• Typical Examples of Arrangements Covered by 409A:
    • Split dollar life insurance plans;
    • Excess deferred compensation and “wrap” plans (plans that provide for deferrals in excess of statutory limits such as the limitation on employee deferrals under a 401(k) plan);
    • Incentive deferral plans;
    • 457(f) deferred compensation plans (for tax-exempt entities);
    • Phantom stock plans and stock appreciation right plans;
    • Restricted stock plans;
    • Deferred compensation arrangements for board of director members or for consultants;
    • Taxable welfare benefits;
    • Certain perks (use of car; country club payments; internet connection; cell phone use);
    • Some severance plans;
    • Employment agreements that contain any provisions deferring compensation;
    • Bonus plans that include deferral features or that are paid more than 2½ months after the year for which the bonus is granted; and
    • Stock options granted at less than fair market value.
  • Oftentimes perks are paid in the form of a reimbursement (e.g., submitting a paid invoice for club membership to be repaid to the executive).   While the company is likely to have a reimbursement policy in place, whether that policy complies with Internal Revenue Code Section 409A is another story.
    • Code Section 409A generally requires that expenses eligible for reimbursement be objectively determinable and reimbursed within a limited period of time following the date in which the expense is incurred.
    • The rules on reimbursement are numerous and include (but are not limited to): the requirement that all reimbursements must occur by the end of the taxable year following the year in which the expense was incurred; and the requirement that the amount of reimbursements in one year not affect another year.  That last requirement is often the biggest stumbling block for employers.
      • Consider, for example, a multi-year (say, for our purpose, two years) employment agreement that limits reimbursable expenses for club membership over the life of the agreement (rather than on an annual basis) to $50,000. This multi-year reimbursement provision violates Code Section 409A. If the employee incurs and submits reimbursement for $30,000 in expenses in the first year of the contract, the amount eligible for reimbursement in the second year is necessarily affected (i.e., reduced to $20,000 from $50,000). Similar 409A reimbursement problems would arise for a specified reimbursement amount that applies to a non-calendar contract year (for example, “during the first year following hire”) in an employment agreement.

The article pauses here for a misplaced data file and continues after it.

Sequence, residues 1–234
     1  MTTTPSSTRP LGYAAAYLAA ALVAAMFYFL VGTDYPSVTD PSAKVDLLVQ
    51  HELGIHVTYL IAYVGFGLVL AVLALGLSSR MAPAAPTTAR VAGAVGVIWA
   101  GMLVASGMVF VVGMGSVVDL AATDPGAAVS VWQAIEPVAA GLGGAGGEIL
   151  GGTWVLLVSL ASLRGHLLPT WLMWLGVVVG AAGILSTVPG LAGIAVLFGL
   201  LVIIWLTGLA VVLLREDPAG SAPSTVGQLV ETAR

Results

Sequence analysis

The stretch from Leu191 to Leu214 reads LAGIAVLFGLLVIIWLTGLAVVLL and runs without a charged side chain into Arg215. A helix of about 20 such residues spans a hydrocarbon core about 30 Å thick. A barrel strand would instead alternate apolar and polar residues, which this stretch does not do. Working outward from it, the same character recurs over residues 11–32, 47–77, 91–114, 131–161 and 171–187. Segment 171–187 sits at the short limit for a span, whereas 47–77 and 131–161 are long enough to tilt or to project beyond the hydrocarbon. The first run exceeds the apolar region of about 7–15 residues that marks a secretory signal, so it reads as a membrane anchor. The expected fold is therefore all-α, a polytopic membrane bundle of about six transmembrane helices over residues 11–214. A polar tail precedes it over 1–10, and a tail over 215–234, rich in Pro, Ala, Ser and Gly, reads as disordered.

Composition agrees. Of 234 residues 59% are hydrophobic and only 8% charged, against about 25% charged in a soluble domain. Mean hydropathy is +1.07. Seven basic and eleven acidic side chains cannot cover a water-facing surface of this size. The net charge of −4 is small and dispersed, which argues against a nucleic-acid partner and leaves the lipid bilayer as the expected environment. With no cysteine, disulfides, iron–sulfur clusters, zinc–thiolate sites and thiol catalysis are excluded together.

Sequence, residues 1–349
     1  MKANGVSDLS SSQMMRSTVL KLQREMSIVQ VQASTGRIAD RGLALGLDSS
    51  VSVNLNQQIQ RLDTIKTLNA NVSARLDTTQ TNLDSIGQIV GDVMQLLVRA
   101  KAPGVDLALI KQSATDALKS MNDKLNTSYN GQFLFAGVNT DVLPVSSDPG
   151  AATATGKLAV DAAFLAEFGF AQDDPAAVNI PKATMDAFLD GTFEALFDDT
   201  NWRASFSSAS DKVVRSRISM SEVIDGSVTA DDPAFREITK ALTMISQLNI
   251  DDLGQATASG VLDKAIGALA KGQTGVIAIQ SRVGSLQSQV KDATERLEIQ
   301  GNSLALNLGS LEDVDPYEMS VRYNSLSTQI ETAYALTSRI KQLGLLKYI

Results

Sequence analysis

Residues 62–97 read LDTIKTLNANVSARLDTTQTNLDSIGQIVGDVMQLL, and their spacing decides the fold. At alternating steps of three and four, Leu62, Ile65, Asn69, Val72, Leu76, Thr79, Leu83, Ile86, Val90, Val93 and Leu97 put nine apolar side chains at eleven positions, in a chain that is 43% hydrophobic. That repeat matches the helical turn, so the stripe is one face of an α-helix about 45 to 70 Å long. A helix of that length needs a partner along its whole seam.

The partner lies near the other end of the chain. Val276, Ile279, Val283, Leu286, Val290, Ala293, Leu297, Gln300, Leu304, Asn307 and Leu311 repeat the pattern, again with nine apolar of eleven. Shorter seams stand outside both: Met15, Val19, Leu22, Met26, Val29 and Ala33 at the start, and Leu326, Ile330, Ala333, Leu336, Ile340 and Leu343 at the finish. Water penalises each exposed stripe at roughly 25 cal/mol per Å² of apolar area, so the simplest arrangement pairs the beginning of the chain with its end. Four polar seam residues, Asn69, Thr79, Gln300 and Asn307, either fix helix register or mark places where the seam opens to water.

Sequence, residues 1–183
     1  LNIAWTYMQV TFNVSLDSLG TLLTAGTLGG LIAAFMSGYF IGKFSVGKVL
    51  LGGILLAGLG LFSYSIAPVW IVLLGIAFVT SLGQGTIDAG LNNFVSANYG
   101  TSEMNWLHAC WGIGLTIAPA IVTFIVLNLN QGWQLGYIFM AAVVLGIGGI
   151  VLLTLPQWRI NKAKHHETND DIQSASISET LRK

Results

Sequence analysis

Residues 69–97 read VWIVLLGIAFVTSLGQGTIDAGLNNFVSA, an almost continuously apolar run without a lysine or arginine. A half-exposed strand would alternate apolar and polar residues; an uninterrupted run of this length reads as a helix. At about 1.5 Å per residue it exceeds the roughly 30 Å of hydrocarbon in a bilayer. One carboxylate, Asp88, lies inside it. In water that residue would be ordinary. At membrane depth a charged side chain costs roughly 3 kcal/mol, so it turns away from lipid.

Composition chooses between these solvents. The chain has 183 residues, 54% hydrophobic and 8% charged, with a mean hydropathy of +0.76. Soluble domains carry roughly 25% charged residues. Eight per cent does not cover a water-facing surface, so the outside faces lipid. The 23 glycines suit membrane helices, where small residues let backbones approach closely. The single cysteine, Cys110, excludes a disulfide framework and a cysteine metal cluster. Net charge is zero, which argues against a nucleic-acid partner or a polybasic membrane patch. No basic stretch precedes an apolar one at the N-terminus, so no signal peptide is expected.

Look before you leap….  While the boss may have certain ideas or expectations about what s/he will receive in terms of perks, carefully considering the tax treatment of all perks/fringe benefits is essential.  Word that an IRS audit has unearthed some or many incorrectly taxed benefits is unlikely to be favorably received by owners/management so it’s best to avoid potential issues wherever possible. That said, if there are failures in this regard, it may be possible to correct them; however, as with most corrections, corrections under 409A for identified problems and sooner corrections of underreporting (and/or under-withholding) are subject to more favorable corrections when corrected sooner than later.